Essay on Foster Care and Behaviour Genie

Submitted By lola550
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Genie: a case study of extreme privation (Curtiss, 1977) Background The authorities discovered genie at the age of 13, having been kept in virtual isolation for most of her life, and treated cruelly by her parents. She had been tied to a ‘potty chair’ for much of the time could only eat baby food, and her development was severely retarded. She walked awkwardly, had no language, and made very little sound, having been beaten for making a noise. Treatment After spending about a year in hospital, Genie went to live with her therapist, David Rigler, and his family. He was also in charge of the scientific research project that had funding to study whether Genie was able to develop language, or whether she had passed the critical period for language development. She lived with them for four years, and experienced an intensive care and rehabilitation programme. Genie’s behaviour Genie made good progress during her time with the Riglers and when in the hospital. She learned to say and recognise a lot of words, and though she never got to grips with grammar, she communicated well. According to Curtiss she made around a year’s progress for every year after she was found.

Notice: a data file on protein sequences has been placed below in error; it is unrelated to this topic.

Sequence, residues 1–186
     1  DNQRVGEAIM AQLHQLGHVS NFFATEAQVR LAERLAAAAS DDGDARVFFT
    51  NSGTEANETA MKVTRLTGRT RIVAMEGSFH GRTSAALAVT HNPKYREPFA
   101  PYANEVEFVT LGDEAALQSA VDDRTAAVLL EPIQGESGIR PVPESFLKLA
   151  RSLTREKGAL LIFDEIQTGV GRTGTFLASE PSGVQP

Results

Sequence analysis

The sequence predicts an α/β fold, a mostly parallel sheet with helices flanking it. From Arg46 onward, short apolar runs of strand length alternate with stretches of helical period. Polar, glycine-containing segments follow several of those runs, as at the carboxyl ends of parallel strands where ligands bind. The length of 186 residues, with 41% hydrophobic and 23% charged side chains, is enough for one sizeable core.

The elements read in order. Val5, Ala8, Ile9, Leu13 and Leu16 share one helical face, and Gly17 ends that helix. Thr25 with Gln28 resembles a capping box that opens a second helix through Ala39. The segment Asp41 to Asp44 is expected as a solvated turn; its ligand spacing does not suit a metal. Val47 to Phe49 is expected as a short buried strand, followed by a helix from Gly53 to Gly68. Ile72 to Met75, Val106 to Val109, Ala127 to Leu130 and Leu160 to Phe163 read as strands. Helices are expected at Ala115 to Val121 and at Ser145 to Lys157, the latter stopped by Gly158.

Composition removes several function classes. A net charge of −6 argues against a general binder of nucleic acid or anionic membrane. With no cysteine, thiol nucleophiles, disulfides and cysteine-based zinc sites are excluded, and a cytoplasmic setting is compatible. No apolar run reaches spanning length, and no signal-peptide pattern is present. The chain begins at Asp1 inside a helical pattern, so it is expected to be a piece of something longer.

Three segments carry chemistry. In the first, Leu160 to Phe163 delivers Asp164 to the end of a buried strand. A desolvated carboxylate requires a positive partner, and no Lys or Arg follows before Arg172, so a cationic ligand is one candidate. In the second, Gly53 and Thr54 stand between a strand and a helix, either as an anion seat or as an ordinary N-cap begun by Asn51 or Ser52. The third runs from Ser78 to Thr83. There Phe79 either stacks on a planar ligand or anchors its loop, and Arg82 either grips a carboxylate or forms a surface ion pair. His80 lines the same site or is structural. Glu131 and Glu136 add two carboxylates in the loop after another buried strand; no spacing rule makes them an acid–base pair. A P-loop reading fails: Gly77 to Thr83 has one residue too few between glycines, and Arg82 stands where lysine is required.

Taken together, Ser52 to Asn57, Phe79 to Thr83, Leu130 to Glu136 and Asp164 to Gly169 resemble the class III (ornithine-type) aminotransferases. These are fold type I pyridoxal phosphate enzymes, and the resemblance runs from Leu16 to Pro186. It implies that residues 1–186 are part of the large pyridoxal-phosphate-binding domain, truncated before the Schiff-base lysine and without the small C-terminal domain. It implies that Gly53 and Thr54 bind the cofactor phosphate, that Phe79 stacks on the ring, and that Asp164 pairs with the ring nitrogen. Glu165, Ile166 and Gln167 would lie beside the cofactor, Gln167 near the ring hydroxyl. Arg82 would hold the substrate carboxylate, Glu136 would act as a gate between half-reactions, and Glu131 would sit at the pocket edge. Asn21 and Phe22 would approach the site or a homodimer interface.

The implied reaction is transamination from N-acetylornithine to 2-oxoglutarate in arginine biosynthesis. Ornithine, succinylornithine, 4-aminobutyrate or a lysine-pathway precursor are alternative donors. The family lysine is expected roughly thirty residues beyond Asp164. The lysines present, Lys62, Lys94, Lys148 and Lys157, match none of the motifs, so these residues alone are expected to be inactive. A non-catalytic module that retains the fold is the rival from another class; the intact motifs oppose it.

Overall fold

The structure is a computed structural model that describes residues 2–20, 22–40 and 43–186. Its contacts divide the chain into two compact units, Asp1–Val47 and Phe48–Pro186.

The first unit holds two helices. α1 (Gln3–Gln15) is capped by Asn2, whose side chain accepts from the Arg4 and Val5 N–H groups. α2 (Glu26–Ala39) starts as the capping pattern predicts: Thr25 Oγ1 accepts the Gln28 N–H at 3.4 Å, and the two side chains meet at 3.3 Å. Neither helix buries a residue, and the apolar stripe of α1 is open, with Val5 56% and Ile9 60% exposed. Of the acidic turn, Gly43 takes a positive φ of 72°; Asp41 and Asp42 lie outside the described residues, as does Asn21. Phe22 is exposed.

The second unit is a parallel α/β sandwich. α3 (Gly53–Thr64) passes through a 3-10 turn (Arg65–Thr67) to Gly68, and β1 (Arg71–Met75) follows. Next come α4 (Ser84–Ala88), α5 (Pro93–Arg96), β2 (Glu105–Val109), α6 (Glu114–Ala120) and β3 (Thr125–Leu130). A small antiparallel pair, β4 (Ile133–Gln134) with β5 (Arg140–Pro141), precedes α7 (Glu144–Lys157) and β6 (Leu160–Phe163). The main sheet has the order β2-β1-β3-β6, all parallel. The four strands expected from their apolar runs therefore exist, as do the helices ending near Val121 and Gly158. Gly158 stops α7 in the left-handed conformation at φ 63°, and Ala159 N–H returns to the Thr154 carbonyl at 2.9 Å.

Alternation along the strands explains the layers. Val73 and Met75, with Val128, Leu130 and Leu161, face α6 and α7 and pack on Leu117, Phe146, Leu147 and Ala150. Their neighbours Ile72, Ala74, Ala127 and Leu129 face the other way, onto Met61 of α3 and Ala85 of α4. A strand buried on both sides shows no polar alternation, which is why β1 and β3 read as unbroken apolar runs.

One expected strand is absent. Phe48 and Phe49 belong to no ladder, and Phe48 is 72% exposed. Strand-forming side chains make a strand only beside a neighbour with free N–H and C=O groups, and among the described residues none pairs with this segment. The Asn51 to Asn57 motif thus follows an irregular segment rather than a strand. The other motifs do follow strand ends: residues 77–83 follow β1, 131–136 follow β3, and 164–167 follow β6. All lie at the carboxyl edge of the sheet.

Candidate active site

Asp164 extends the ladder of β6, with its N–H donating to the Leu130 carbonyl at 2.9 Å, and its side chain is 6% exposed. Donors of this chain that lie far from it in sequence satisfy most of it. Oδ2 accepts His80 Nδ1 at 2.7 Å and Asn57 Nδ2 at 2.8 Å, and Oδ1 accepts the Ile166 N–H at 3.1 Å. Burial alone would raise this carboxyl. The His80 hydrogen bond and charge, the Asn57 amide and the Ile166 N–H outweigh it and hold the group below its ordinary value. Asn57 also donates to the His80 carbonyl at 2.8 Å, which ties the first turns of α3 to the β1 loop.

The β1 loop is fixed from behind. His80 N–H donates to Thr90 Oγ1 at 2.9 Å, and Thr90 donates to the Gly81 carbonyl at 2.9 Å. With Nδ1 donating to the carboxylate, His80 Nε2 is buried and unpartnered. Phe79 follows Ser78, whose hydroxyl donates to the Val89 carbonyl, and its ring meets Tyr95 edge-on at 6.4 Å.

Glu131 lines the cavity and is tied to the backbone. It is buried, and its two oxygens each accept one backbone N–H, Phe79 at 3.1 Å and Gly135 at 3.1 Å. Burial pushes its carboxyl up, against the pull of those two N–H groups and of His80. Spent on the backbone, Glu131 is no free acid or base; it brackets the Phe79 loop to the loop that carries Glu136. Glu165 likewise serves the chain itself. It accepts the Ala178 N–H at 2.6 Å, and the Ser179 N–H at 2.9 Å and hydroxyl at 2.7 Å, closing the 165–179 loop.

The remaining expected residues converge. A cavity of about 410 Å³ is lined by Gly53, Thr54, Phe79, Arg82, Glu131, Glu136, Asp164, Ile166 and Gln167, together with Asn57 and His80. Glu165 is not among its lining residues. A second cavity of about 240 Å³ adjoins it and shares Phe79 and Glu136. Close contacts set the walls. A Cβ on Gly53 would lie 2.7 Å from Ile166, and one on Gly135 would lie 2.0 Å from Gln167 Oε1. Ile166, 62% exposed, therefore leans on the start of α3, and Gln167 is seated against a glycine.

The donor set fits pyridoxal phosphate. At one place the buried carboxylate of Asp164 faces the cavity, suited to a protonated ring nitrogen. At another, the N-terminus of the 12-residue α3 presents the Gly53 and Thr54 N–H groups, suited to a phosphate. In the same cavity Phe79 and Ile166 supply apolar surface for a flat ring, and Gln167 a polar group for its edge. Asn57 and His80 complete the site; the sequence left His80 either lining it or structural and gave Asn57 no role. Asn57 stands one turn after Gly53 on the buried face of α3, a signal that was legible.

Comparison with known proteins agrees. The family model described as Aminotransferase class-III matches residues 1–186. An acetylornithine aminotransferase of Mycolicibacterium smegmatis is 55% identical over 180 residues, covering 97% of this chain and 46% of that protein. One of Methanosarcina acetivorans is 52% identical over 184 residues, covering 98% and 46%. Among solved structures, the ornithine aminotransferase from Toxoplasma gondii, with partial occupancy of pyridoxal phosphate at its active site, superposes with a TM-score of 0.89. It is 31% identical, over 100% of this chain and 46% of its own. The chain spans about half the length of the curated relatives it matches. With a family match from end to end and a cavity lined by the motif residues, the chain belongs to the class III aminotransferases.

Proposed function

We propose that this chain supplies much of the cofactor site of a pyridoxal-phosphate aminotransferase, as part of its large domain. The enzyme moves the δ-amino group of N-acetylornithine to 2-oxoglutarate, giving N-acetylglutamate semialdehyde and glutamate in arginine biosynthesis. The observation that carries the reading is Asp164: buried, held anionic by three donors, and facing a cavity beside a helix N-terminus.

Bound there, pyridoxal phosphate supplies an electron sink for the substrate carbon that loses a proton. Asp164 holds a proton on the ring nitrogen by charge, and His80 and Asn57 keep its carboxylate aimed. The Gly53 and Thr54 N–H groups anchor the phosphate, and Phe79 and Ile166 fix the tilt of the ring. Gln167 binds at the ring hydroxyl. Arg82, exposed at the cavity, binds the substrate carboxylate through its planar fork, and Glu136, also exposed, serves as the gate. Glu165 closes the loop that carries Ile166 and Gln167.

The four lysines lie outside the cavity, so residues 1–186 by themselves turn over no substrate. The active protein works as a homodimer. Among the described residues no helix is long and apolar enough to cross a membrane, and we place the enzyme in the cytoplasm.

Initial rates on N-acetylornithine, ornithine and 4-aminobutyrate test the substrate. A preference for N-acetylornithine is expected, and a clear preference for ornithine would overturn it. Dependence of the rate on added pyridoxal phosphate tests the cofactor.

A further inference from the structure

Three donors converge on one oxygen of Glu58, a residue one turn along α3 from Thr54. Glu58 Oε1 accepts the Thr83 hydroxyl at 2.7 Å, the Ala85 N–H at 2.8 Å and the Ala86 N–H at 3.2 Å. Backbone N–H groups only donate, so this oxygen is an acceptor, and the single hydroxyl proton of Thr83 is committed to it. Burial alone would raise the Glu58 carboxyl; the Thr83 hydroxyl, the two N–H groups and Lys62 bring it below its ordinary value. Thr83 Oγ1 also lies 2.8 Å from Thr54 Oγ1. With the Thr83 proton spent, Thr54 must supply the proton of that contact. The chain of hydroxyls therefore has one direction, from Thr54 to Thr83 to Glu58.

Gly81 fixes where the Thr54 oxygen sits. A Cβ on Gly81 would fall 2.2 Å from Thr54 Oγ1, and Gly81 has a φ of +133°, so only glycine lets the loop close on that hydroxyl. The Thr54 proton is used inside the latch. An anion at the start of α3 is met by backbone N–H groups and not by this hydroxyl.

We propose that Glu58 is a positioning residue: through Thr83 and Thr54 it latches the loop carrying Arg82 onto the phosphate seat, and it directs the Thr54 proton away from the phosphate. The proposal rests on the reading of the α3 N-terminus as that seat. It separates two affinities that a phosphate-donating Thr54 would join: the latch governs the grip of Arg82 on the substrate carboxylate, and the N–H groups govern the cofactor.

Another area of concern was Genie’s ability to form attachments. She did seem to become attached to the family who looked after her, and became gradually more sociable. However, after four years with the Riglers, the research funding was cut. Genie still displayed a lot of difficult behaviour, such as tantrums, and looking after her had been a real strain on the family, so the Riglers gave up looking after her, and Genie returned to her biological mother. Unfortunately, Genie was too difficult for her mother to take care of, and she was placed in a series of care homes and foster homes, where she was sometimes treated very badly, and she regressed dramatically. Conclusions This study…